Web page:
Can take back be re-started?

  We have discussed with these contractors whether it might be viable to re-start refrigerator collection by Dixons and their collection from our businesses if local authorities were to waive any "commercial waste charge" and treat all refrigerators received as domestic waste. It is apparent that since the change in regulations many contractors have re-evaluated their businesses and how take the view that it is no longer practical for them to offer this service.

  We therefore considered whether there might be another route to re-starting the household fridge collection by retailers. If the contactors are not willing to collect from the local distribution centres it is important that the operation is simplified as far as possible. In the case of the Dixons Group, we would be willing to deliver refrigerated products direct to local authority sites if we could identify one local authority site per local distribution centre that would be willing to receive all refrigerated products from that LDC without the complex and administratively expensive process of matching each fridge to the local authority of origin. (We have not been able to discuss such a scheme with our competitors in the time available.) We are aware of at least one scheme set up by Dorset County Council by which small retailers are able to return end of life fridges and freezers to the County Council free of charge. This, however, requires the contractor to obtain the householder's name, address and signature and to match the paperwork to the unit. While this may be achievable by for small retailers collecting one or two units per week, it is clearly impractical for companies which collect several hundred or even thousands. Arguably, this particular scheme also gives small retailers a competitive advantage over their larger rivals even if slight. It is also discriminatory behaviour on the part of the County Council. We are writing to the local authority in question to ask whether this facility will be made available to Currys' branches within their constituency.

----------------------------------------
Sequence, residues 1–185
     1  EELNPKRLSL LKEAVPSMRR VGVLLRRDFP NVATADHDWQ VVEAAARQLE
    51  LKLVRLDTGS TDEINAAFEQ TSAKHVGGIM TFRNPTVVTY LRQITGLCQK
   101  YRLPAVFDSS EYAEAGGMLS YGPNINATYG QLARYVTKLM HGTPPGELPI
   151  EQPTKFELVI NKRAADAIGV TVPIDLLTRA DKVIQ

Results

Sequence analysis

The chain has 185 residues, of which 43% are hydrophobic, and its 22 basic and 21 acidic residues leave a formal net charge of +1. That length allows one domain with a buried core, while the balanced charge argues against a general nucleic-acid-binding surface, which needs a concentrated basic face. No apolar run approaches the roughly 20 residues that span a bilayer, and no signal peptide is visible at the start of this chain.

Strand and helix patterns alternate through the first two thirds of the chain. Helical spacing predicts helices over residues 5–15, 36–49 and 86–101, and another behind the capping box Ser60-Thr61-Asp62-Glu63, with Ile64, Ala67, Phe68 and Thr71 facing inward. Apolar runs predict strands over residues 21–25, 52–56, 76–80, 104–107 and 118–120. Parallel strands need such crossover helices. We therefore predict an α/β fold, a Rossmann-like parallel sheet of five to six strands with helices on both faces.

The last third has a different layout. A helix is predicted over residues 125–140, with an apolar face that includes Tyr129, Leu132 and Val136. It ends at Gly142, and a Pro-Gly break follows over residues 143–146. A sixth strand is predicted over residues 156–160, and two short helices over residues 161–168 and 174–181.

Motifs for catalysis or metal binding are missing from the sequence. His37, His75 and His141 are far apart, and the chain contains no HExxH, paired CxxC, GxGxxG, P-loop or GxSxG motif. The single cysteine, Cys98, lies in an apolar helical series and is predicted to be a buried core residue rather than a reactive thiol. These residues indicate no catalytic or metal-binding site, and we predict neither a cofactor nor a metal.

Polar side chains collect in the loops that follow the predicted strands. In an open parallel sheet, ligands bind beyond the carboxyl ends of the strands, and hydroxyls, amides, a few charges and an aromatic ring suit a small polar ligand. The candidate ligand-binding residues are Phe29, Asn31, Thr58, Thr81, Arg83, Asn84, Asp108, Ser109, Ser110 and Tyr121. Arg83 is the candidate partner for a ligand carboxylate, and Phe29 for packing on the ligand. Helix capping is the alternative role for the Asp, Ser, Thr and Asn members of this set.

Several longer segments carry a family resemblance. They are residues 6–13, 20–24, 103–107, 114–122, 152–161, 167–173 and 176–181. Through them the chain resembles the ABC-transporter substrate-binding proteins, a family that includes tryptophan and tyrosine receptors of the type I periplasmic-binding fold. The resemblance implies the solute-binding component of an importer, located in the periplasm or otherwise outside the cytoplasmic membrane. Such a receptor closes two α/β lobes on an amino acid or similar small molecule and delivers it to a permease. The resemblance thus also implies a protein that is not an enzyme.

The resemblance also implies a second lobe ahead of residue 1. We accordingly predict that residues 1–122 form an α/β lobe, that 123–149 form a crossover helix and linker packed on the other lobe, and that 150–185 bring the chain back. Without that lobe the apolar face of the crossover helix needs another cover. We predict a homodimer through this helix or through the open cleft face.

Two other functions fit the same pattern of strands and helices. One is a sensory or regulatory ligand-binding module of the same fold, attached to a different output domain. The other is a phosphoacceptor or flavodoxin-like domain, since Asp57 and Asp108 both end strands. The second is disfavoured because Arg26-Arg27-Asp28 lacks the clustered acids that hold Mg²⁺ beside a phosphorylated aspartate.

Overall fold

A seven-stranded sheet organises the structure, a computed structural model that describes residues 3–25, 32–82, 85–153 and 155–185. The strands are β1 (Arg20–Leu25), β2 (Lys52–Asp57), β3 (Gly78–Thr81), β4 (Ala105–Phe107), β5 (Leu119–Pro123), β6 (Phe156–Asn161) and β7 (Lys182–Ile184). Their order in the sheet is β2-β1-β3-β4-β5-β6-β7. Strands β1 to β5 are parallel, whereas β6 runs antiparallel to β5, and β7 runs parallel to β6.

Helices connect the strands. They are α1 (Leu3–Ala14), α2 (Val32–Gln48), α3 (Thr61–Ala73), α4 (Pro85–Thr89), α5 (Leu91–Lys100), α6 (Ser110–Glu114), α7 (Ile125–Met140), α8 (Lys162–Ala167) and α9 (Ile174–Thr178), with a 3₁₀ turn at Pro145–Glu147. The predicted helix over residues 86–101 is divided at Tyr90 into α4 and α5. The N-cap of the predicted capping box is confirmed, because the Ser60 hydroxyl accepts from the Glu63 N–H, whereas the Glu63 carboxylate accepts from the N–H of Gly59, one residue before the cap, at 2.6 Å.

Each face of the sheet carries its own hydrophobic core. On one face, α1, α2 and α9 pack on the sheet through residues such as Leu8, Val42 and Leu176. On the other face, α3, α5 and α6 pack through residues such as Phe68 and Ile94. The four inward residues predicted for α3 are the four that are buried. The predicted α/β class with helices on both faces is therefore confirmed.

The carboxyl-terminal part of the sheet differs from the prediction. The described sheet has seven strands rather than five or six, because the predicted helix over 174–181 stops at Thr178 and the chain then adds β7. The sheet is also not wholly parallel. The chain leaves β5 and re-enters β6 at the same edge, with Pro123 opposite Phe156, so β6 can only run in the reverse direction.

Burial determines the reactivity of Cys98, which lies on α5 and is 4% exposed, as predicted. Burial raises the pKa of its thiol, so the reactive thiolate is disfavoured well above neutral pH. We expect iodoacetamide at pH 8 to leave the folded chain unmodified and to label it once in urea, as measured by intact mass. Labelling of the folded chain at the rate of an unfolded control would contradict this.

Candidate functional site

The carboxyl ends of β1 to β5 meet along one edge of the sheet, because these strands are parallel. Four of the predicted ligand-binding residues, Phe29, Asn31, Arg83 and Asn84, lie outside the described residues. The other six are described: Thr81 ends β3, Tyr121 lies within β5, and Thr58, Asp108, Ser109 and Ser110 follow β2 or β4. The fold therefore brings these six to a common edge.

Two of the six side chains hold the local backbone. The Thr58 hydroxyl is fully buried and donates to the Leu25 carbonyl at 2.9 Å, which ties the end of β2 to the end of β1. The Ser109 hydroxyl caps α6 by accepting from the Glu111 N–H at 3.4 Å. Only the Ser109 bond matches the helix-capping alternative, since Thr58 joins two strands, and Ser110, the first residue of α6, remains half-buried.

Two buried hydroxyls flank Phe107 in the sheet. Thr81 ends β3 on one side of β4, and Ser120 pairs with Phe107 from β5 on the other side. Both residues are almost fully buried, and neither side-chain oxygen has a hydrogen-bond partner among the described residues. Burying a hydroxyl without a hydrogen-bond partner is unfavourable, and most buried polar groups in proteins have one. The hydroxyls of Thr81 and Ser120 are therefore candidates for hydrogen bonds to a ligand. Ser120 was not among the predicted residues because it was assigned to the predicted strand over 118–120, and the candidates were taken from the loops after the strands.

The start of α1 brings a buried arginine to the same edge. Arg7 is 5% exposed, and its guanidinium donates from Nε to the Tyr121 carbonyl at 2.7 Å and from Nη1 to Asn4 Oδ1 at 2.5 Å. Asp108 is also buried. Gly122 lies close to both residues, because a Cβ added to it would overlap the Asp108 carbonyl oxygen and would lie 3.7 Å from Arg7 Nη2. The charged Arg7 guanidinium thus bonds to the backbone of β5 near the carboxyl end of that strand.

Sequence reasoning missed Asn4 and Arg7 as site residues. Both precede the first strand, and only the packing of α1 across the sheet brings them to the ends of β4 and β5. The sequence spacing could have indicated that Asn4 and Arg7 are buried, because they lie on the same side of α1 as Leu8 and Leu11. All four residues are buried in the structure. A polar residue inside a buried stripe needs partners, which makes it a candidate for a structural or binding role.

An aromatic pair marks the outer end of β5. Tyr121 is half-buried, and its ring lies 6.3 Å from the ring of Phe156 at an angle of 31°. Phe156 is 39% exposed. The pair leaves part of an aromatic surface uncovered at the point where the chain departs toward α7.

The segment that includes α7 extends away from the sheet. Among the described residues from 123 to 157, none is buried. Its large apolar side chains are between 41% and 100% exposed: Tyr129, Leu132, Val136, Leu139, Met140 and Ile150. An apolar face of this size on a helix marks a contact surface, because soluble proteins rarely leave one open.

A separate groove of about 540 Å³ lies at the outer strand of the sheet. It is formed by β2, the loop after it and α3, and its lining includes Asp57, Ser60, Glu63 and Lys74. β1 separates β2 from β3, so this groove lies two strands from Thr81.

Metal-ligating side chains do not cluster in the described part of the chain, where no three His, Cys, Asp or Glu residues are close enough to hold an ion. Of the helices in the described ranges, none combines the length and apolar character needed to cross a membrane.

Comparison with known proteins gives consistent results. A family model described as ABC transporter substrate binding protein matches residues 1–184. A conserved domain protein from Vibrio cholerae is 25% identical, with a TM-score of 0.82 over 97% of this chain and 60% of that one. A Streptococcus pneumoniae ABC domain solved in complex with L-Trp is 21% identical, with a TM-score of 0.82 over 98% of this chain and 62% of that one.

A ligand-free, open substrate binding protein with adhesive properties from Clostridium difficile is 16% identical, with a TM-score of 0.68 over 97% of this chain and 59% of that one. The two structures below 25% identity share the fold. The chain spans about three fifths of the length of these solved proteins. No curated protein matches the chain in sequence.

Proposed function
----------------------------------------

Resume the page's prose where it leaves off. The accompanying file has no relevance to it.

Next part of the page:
If the Government were willing to identify local authorities, which would be willing to accept units from out local distribution centres, we would meet all delivery costs to those facilities and would deliver on a daily basis. (This would be required in order to avoid disproportionate accumulation at our sites.) We would also be willing to permit existing recycling contractors to remove any units they identify as suitable for refurbishment without charge before disposing of the balance to the local authority. This would both reduce the number of units received by the local authority and potentially keep the small recycling contractors in business as they would have a flow of units for recycling without having to meet the cost of disposal of non-refurbishable units.